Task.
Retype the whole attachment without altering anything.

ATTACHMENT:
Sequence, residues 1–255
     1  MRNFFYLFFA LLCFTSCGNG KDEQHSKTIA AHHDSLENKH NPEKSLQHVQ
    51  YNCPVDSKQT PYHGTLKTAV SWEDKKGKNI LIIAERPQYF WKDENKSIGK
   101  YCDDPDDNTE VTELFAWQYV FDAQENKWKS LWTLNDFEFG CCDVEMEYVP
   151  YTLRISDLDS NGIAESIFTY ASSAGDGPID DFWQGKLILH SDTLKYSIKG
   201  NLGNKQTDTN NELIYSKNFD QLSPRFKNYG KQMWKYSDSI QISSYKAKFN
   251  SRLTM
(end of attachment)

Sequence, residues 1–255
     1  MRNFFYLFFA LLCFTSCGNG KDEQHSKTIA AHHDSLENKH NPEKSLQHVQ
    51  YNCPVDSKQT PYHGTLKTAV SWEDKKGKNI LIIAERPQYF WKDENKSIGK
   101  YCDDPDDNTE VTELFAWQYV FDAQENKWKS LWTLNDFEFG CCDVEMEYVP
   151  YTLRISDLDS NGIAESIFTY ASSAGDGPID DFWQGKLILH SDTLKYSIKG
   201  NLGNKQTDTN NELIYSKNFD QLSPRFKNYG KQMWKYSDSI QISSYKAKFN
   251  SRLTM